Mendel’s work proved the inheritance of genetic characteristics and gave weight and backing to Darwin’s theory of natural selection. Initially published in 1866, Mendel’s work remained under the radar until it was rediscovered after his death in 1900 by Hugo de Vries and Carl Correns. Once discovered it would prove Darwin’s theory of natural selection demonstrating that advantageous characteristics are passed from parents to offspring and that it is this which enables natural selection to act upon living organisms. With that the modern theory of evolution was nearly complete.
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All that was needed now was someone to marry together the theories of Mendelian genetics and Darwin’s theory of natural selection. Enter Ronald Aylmer Fisher. Renowned as the founder of population genetics, Fisher developed such theories as sexual selection, mimicry and the evolution of dominance. Fisher’s book “The Genetical Theory of Natural Selection” demonstrated that Mendelian genetics was consistent with natural selection and gradual evolution. So with Fisher tying up the loose ends, we’ve finally arrived at our destination – Neo Darwinism – the modern synthesis of evolutionary theory.
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Undoubtedly Darwin, Mendel and Fisher were fundamental in forming evolutionary theory but what about the unsung heroes? Charles Lyell was the first to suggest that the fossils found in rocks were actually evidence of animals that lived many thousands or millions of years ago which he put forward in his book the “Principles of Geology”. Indeed before Lyell there were many wild theories banded around regarding what fossils might be. Some believed they were the ghosts of animals, whilst others thought that animals came out of rocks and that fossils were animals that had failed to exit and died. Without Lyell’s contribution the opening up of the study of palaeontology may not have happened.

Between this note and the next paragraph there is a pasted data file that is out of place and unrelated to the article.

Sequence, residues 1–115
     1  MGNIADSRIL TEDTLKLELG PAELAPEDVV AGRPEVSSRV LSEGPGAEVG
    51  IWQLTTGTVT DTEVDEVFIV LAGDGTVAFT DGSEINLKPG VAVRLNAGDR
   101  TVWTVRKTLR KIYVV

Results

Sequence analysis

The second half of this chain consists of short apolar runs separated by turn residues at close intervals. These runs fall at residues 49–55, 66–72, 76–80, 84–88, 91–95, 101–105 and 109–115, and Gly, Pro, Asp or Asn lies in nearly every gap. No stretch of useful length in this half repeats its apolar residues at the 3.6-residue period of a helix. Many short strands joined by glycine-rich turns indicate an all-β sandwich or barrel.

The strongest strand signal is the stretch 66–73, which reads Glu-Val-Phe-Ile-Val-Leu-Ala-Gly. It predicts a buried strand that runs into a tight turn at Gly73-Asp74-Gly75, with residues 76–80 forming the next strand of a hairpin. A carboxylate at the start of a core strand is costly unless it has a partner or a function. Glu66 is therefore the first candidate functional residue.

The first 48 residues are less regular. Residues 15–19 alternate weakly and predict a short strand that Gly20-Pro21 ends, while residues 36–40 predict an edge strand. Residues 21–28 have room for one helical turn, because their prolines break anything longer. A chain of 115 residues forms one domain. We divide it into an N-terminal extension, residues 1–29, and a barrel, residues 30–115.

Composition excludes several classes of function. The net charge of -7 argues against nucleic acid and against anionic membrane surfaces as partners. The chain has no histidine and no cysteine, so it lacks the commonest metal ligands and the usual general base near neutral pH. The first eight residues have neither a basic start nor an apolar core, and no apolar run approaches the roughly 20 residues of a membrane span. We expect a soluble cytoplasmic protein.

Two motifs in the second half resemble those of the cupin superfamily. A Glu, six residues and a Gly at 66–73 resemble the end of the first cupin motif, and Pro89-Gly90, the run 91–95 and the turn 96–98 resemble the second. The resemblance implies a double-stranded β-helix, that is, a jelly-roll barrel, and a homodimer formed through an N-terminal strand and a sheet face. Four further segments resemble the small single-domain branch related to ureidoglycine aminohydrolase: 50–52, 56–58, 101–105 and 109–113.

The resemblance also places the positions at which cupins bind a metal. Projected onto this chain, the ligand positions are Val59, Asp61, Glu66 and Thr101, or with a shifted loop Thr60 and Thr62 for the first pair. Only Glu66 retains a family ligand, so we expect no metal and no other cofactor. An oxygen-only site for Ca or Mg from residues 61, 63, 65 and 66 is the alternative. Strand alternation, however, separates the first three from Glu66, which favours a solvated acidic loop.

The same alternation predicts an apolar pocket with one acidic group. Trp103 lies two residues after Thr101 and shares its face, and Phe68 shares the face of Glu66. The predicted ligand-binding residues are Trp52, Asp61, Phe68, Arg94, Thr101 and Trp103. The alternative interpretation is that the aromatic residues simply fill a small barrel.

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Also not to be forgotten are those fossil finders whose discoveries have revealed how evolution has shaped the world around us. In the late 19th and early 20th centuries palaeontology was a relatively new area of scientific study with one of the most controversial fields of palaeontology being the study of human fossil and hominoid evolution. Darwin’s “The Origin of Species” was hugely controversial when it was published in the mid 19th century, as by logical extension his theories suggested that Homo sapiens are simply just another form of animal and therefore have descended from the same common ancestor as all other animals. These ideas were not welcomed by many because they opposed the prevailing orthodoxy that the world and all its inhabitants were created by God. Indeed at that time it was a mean feat just trying to get people to accept that the earth was millions of years old.